Megaupload Shutdown : Is the world now a safer place?
Now the dust has settled, what will happen next?
Last weekend, there was a lot of media noise about the shutdown of Megaupload.Even the US and French presidents have chipped in, although they perhaps weren’t expecting such strong reactions from Anonymous and their operation #OPMegaUpload.
While it’s not for NETASQ to take sides in the debate over digital rights, we nevertheless have a role to play, since we design, manufacture and sell solutions which our customers expect to help them stay the right side of the law. We therefore have to provide the tools to block unwanted sites including those potentially hosting illegal downloads.
So in response to this latest turn of events, the question is a simple one: Has this shutdown made the world a safer place or not?
Have we forgotten Napster, Kazaa, Edonkey, Bittorrent and all the others?
As you’ve already guessed, the answer is no. Alternative solutions abound and the “community” has already moved on. One can therefore legitimately ask the question as to whether such defence strategies are effective. In any case, almost immediately such a site is shutdown, several others invariably pick up the baton.
However, beyond this battle which seems lost before it starts, the CSO can learn an important lesson:
Human problem – human solution.
No site closure is going to suddenly change the opinions of “cultural pirates” since they simply don’t accept the idea of paying for content they believe should be freely available.
Installing a mobile phone jammer in a class room, apart from being illegal in most countries, will not help adolescent students to pay attention. In the same way, implementing URL filtering or blocking facebook will not make employees more productive.
Of course, application firewalls offer a way to limit the risk of downloading illegal content to your enterprise network. But if your security policy is based solely on imposing restrictions through technology, it will likely fail – and fatally. Worse still, your daily task will become ever more difficult as you battle incessantly against your employees’ attempts to bypass your security measures.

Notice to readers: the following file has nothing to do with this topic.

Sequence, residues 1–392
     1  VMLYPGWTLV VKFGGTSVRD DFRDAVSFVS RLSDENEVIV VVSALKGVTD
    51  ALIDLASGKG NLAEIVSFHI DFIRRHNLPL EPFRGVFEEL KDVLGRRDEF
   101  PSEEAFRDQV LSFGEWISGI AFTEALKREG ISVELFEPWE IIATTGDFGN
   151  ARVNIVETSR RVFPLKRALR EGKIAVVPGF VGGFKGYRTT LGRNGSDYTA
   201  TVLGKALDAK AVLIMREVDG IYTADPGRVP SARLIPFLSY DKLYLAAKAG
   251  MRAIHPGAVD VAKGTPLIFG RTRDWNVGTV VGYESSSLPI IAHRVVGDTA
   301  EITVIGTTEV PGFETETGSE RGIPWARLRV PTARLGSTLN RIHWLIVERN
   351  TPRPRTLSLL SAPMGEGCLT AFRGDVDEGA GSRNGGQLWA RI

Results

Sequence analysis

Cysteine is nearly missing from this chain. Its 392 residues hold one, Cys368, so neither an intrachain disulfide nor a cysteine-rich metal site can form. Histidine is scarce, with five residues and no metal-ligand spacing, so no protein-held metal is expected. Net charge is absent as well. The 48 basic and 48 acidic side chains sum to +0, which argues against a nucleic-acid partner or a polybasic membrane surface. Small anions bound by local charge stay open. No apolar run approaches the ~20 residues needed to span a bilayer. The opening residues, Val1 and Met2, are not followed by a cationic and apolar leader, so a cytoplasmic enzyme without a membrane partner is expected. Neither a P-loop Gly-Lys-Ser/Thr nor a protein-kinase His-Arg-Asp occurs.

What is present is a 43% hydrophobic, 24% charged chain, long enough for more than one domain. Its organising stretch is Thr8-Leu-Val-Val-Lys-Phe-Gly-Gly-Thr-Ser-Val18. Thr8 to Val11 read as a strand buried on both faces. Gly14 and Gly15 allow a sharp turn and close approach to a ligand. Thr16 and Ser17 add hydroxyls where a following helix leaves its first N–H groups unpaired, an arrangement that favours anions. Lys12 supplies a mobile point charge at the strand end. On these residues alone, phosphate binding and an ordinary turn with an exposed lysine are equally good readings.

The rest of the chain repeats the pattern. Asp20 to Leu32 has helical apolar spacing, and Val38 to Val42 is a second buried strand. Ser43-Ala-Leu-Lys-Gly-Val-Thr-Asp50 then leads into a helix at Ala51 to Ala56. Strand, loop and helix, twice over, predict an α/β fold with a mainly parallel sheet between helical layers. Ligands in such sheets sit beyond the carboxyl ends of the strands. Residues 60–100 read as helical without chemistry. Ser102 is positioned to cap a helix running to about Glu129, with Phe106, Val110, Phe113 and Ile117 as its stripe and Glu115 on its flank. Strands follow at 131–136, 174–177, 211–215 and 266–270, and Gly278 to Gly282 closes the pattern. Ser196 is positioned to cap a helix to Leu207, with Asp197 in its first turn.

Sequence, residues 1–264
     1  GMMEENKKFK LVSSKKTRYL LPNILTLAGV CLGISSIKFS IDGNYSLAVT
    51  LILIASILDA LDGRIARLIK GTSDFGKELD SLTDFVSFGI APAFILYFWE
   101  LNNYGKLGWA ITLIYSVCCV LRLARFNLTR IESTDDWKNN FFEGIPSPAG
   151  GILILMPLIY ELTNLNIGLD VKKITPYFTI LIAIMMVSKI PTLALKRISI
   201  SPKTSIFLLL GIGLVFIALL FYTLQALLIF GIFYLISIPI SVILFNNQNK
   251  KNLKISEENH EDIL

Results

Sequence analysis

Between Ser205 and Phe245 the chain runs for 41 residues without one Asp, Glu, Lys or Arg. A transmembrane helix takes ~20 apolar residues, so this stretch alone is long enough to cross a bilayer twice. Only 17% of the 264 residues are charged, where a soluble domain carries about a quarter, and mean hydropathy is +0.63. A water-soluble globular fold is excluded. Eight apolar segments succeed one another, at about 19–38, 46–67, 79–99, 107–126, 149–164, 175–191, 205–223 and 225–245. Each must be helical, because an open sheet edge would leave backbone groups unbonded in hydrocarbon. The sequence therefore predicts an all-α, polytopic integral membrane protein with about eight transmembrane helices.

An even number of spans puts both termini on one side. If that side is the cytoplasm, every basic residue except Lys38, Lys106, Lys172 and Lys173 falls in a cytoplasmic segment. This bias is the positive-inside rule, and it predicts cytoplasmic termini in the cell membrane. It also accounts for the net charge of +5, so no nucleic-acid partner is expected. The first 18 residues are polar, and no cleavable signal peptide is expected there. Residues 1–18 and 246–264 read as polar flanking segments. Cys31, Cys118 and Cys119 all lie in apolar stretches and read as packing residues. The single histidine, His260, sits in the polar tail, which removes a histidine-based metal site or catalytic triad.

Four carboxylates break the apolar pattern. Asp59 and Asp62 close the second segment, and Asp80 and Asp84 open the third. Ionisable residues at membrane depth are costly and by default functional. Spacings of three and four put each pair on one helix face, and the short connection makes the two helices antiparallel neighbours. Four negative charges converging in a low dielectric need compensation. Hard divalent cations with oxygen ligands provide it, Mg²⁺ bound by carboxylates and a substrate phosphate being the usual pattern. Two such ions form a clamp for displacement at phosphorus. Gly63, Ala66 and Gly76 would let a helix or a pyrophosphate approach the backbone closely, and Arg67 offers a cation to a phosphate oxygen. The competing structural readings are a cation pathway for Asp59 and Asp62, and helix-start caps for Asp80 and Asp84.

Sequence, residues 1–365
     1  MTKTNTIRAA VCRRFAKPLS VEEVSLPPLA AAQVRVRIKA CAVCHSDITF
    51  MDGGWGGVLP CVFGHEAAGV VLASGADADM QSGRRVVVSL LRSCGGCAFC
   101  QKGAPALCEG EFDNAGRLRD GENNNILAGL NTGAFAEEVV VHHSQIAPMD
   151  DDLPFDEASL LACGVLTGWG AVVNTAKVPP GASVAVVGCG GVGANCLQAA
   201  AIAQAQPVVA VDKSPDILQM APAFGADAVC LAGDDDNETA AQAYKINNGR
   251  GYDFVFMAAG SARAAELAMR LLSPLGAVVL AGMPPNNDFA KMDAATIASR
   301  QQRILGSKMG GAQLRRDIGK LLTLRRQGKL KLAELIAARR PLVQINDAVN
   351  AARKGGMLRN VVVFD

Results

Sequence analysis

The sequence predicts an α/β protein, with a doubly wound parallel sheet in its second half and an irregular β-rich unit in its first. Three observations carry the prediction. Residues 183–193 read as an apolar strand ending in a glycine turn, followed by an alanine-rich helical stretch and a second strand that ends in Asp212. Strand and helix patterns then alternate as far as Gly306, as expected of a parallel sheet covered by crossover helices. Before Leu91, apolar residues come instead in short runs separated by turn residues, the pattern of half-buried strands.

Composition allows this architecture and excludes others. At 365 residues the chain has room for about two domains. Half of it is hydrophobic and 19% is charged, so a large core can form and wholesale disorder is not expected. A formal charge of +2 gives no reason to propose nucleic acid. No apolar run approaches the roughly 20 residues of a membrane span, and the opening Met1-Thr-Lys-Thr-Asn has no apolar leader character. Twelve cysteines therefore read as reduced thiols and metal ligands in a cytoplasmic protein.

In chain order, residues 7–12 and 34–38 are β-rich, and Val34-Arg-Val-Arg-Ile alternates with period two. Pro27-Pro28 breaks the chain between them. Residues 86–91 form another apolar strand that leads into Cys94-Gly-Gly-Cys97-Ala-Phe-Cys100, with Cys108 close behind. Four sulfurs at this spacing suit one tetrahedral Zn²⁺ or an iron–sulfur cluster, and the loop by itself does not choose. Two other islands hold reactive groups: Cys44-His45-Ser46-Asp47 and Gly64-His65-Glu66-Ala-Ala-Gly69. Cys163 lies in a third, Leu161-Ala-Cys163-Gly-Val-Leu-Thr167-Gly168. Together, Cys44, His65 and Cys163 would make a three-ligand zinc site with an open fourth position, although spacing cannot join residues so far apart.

The signing of a charter is a necessary prerequisite, and the repeated explanation of its justification is essential.
Will the cops beat the robbers?
The above question is borrowed (paraphrased) from the French journalist, Stephane Soumier, who was commenting on the French Business radio channel BFM in his morning broadcast. To bring down numerous sites, Anonymous uses a simple, yet effective tool named LOIC. All that’s required to saturate the targeted server is to win enough souls and enough bandwidth. Unfortunately, most recruits do not consider the penalty they incur in joining the process.
Faced with such effortless (on the part of the attackers) potential for damage, Enterprises may feel powerless. Certainly, it’s not a fair fight at the moment, since the concept of return on investment, while completely foreign to the attackers, is a daily obligation for those selecting security solutions. Given this challenge, we must constantly expand the scope of security for the highly sensitive areas of business continuity and risk management.
Risk = Hazard + Outrage
Stephen J Dubner, one of the authors of Freakonomics, defined risk, in a recent interview with a risk consultant, as the sum of the hazard (actual) and the degree of outrage (generated by the evocation of risk).
The Megaupload case and the response from Anonymous is a good example. The danger is real, even if the long term impact is limited. The simple evocation of a group of anarchists capable of turning off the Internet, is enough to bring many responsible enterprises out in a cold sweat.
So what do you think? Should we fear the wrath of Anonymous on a large scale. Will the closure of Megaupload slow down the pirates or give them a boost?
As always, don’t hesitate to leave your opinions in the comments section below.